Her name was “Negative Nancy.” She complained about everything and always looked at the downside of her job. In meetings, her responses to her co-workers were “that won’t work, we’ve always done things this way,” or “that’s not my job.” Nancy’s manager, Tom, decided to send her to a training seminar called “Communicating with Difficult People.” After attending the training and returning to work, Nancy made a negative remark about one of her colleagues in a regular scheduled team meeting. What happened? Was the training a total waste of time and money?
After training thousands of supervisors, managers, directors, and senior-level leaders across the world, one of the most frequently asked questions we receive about employee training and leadership development is “how do you make the training stick when employees return to work?”
Frustrated by the lack of behavior change after investing in employee training, many senior-level leaders are telling human resource managers to pull the plug on professional development training budgets. However, just as the great speaker and trainer Zig Ziglar stated, “the only thing worse than training your employees and losing them, is not training them and keeping them.”
Perhaps what’s needed is training on why employees don’t change after training, so that senior-level leaders and human resource managers understand that training is an investment in their people and results are typically seen over time depending on the type of behavior change desired.
Based on our research from managers and leaders of organizations that have obtained positive returns on their investment in employee training, there are three strategic best practices that can maximize employee behavior change and application back in the workplace:
1. Pre-Training (it must be positive and important) One of the first steps to making employee training successful is in the pre-training phase. Managers and leaders should set the tone that training is positive and an important process of individual and team growth, not negative or punitive. Although it’s not completely necessary, if an employee has a positive mentality about training, application of lessons learned will occur faster. Many employees confess that they have attended a training with low expectations and a defensive mentality, only to leave the training with a positive mentality armed with, and ready to use, new tools.
Managers and leaders can help employees think positive about training by not making them feel like they need to be “fixed.” For example, it will be very counterproductive to tell an employee that you have signed them up for training because they need to “fix” or work on their attitude. It would be more effective to tell the employee that this is a professional development opportunity and a chance to develop specific skills that would not only help the team, but possibly prepare him or her for future opportunities. Using the “coach leadership style,” managers and leaders can help the employee see what specific skills they could improve, and then ask the employee to write down two to three goals he or she would like to attain from the training so they are focused before they attend.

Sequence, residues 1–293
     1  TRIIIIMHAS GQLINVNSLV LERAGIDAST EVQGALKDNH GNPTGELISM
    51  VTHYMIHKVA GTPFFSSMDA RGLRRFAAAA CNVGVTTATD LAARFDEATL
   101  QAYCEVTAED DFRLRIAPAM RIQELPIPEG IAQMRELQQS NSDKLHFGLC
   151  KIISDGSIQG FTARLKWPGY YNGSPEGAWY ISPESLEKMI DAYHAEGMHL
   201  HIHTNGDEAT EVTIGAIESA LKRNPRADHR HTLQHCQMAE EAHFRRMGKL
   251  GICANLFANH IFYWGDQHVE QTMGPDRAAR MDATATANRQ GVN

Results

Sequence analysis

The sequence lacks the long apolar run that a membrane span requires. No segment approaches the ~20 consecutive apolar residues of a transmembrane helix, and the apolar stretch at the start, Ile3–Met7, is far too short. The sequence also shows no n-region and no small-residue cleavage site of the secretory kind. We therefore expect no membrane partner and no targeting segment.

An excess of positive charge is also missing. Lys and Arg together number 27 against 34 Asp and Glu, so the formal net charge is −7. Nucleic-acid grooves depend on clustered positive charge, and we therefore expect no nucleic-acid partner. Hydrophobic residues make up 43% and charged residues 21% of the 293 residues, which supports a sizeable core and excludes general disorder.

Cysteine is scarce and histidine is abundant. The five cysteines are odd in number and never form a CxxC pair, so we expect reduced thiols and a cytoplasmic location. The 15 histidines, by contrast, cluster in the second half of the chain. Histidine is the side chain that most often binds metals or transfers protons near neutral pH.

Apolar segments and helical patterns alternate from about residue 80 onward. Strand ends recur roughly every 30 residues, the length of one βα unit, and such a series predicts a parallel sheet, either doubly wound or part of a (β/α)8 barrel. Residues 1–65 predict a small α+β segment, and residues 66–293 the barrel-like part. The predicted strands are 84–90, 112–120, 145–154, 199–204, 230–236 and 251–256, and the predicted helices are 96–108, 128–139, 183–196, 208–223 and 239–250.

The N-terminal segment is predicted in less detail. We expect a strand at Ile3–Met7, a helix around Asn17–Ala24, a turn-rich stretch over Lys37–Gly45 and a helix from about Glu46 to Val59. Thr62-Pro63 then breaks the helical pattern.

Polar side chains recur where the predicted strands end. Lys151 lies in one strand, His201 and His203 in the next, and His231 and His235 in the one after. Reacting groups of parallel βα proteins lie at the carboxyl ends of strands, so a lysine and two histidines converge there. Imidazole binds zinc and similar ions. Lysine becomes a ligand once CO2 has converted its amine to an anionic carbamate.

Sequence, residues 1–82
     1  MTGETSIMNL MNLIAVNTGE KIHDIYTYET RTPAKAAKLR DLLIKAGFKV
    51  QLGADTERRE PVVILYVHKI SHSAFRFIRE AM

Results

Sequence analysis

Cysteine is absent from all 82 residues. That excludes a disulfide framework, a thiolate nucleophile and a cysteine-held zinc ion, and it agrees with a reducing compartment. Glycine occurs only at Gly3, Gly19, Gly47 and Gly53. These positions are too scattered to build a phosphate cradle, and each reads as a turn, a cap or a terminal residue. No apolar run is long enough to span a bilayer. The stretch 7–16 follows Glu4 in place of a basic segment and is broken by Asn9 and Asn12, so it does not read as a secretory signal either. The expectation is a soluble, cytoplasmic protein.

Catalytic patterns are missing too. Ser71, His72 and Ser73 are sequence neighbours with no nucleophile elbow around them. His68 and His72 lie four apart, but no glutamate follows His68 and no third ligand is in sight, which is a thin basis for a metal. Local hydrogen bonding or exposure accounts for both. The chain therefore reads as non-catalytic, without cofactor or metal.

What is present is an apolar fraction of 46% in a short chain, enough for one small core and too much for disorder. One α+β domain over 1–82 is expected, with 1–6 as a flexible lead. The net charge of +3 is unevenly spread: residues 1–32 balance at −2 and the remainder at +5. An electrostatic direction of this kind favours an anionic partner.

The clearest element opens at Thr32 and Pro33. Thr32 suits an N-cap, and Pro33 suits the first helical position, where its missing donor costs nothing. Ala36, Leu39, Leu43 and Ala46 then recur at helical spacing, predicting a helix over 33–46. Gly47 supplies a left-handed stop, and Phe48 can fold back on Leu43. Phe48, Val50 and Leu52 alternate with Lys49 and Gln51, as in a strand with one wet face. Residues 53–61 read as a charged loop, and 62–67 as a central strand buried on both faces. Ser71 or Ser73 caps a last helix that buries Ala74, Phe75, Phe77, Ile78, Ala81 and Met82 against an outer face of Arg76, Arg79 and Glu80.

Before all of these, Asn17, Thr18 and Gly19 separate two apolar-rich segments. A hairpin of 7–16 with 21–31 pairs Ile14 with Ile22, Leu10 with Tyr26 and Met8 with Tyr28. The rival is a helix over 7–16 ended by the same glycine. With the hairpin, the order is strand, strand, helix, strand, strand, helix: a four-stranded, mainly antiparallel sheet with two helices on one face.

2. During Training (it must be engaging!) Whether you hire an outside training consultant, send employees to public training seminars, or create an in-house training program, the training must be engaging! Learn all you can about how the training is delivered, because it doesn’t matter how great the content is if the training means sitting through fifty powerpoint slides and listening to a monotone speaker all day. Employees will simply tune out, become disengaged, and/or completely fall asleep.
An effective training program that will maximize employee behavior change should consist of the following:
Insightful content (15%): New ideas, approaches, and tools for workplace challenge
Interactive exercises and activities (40%): Targeted workplace situations that can be analyzed and discussed, and practical team activities
Engaging speaker (45%): High-energy, dynamic, inspirational, experienced, credible expert
3. Post-Training (it must be reinforced) The primary reason why employees don’t change after training is the lack of reinforcement upon returning to work. The most critical mistake managers and leaders make is sending employees to training and then not providing them the time and opportunity to practice the new skills back on the job. Managers and leaders must also understand that behavior changes don’t occur overnight. According to a recent study from the University College of London, it will take an employee about sixty days to develop a new behavior, but this depends on the complexity of the behavior and the employee’s deliberate commitment to adopt it.
To facilitate the process of behavior change, a post-training action plan should be provided immediately after training, and for the first four to six weeks, managers and leaders should meet periodically with employees to discuss the plan and progress. During this time, managers and leaders should provide recognition, positive reinforcement, specific feedback, observations, and rewards for any level of progress. The key is to start building momentum inside employees to continue the desired behaviors.